on the adrenal glands of the mouse as do other substances
which exert a deleterious action on the organism.
The administration of small amounts of cortical hormone
to immature o r castrate mice leads to a depression of the
X-zone in the adrenal glands of these mice. This takes the
form of an atrophic degeneration which may lead to almost
complete disappearance of the zone and in very young animals to the prevention of its development. The reaction is
similar to the atrophic condition of thyroid gland cells induced by the administration of thyroxin. The same reaction
for true cortical cells has been demonstrated in the adrenal
gland of the rat, to which massive doses of the hormone had
been administered (Ingle, Higgins and Kendall, '38). When
cortical hormone is administered to mice before the X-zone
has begun to develop, it suppresses its appearance (table 1).
The behavior of the X-zone in response to the administration of thyroid powder and of cortical hormone supports the
view that the X-zone subserves the same function that is
performed by the glomerular and fascicular zones of the
adrenal gland. The X-zone might be considered as less active
cortical tissue which reacts t o an increased demand of the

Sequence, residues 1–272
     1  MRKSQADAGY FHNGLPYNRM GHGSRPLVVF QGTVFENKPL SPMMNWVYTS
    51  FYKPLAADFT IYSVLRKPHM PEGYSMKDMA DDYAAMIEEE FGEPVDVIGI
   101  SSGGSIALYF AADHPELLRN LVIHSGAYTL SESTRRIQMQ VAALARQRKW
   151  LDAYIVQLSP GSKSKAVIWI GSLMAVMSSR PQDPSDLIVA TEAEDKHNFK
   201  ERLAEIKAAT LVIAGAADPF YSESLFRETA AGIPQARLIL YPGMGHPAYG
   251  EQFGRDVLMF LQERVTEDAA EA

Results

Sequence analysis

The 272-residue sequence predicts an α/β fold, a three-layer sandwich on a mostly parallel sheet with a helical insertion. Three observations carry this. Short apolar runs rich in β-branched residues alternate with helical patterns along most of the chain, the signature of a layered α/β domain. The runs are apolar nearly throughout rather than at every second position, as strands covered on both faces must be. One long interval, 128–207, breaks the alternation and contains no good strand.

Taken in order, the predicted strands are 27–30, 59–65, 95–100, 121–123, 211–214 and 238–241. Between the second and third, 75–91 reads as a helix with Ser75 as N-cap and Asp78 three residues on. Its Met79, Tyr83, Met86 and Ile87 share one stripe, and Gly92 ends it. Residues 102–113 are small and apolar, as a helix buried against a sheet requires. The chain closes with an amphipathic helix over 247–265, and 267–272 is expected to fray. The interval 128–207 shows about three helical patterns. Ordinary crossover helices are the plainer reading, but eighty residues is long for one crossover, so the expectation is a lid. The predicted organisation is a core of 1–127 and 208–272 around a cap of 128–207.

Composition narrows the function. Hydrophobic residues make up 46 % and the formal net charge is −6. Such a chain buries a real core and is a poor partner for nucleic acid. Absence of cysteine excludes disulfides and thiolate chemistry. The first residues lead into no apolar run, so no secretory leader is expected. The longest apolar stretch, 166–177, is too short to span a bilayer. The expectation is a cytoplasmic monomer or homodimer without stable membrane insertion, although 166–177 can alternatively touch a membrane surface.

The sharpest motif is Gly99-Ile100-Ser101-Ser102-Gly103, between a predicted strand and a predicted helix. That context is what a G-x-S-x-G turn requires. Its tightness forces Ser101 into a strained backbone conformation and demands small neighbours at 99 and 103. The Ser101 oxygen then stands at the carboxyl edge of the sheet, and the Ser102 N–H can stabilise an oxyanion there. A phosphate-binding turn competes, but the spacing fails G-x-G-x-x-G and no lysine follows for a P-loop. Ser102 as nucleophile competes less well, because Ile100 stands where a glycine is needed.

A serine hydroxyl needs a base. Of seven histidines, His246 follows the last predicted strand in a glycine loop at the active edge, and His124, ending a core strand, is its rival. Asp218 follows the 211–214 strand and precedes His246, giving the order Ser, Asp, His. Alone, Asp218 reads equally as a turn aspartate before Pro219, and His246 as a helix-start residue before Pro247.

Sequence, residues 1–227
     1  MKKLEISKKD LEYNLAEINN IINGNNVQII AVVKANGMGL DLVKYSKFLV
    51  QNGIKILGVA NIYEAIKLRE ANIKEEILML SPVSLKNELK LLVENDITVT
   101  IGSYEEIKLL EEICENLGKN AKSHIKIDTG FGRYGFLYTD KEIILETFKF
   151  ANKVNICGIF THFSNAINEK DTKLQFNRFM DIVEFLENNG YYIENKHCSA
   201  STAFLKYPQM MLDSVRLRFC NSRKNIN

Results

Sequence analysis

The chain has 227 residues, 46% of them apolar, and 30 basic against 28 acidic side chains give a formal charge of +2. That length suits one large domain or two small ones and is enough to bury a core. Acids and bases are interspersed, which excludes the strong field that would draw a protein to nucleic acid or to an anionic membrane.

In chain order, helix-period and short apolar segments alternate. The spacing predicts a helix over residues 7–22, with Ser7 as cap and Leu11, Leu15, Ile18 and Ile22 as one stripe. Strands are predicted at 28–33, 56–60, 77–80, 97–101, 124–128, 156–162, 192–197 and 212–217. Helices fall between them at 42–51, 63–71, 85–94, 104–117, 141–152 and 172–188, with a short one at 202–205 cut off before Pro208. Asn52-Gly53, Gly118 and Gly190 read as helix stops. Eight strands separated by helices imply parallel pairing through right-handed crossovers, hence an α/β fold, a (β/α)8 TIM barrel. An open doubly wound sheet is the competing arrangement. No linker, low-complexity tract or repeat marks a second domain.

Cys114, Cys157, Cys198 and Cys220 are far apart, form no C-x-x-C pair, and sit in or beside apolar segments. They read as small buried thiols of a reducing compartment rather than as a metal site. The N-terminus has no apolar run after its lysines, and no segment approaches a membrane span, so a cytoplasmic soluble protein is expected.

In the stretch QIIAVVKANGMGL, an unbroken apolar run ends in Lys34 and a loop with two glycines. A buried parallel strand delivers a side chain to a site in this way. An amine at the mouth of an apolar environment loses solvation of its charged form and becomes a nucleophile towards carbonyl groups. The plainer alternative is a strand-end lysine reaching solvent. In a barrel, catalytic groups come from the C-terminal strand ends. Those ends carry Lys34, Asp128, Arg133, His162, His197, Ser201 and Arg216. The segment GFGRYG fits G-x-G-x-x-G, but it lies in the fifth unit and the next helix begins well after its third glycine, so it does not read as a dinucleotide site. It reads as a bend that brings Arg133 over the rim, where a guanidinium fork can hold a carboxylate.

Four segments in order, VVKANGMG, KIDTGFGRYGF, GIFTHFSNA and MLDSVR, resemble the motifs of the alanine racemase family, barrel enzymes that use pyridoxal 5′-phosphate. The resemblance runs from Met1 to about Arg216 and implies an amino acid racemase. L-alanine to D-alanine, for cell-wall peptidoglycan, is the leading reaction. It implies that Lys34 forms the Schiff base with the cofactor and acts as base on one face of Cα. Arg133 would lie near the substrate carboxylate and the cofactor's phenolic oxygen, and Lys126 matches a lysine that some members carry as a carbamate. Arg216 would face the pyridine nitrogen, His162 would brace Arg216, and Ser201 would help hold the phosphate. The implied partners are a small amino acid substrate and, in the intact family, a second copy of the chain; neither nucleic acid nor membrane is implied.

organism for cortical hormone. Evidence will be presented
in a forthcoming volume of the Contributions to Embryology,
Carnegie Institution of Washington, that the X-zone is the
most poorly vascularized region in the adrenal cortex. We
are thus led to the belief that the cells of the X-zone secrete
cortical hormone in the normal animal, and act as a source
of this hormone particularly when the need for it is greater
than usual.
144
I. GER SH AND ARTHUR GROLLMAN
CONCLUSION
When the adrenal gland of the immature or castrate mouse
is stimulated by the administration of thyroid powder, which
creates a need for cortical hormone in the organism, there is
a pronounced hypertrophy of the X-zone. The cells of this
zone increase in size and their cytoplasm accumulates large
numbers of small droplets of lipoid that reduce osmic acid.
Degeneration of the X-zone almost t o complete extinction
follows the administration of small doses of cortical hormone
to immature or castrate mice. I n very young animals, administration of large doses of the hormone may inhibit entirely the appearance of the zone. These results are interpreted to indicate 1) that the X-zone performs the same
functions that are carried out by the other two zones of the
cortex, 2) that the X-zone acts as a reserve tissue which responds to increased demands on the adrenal glands for their
hormone, and 3) that the X-zone is that portion of the cortex
which is most readily depressed when a great need for cortical hormone does not exist or is satisfied in some other way.
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DEANESLY,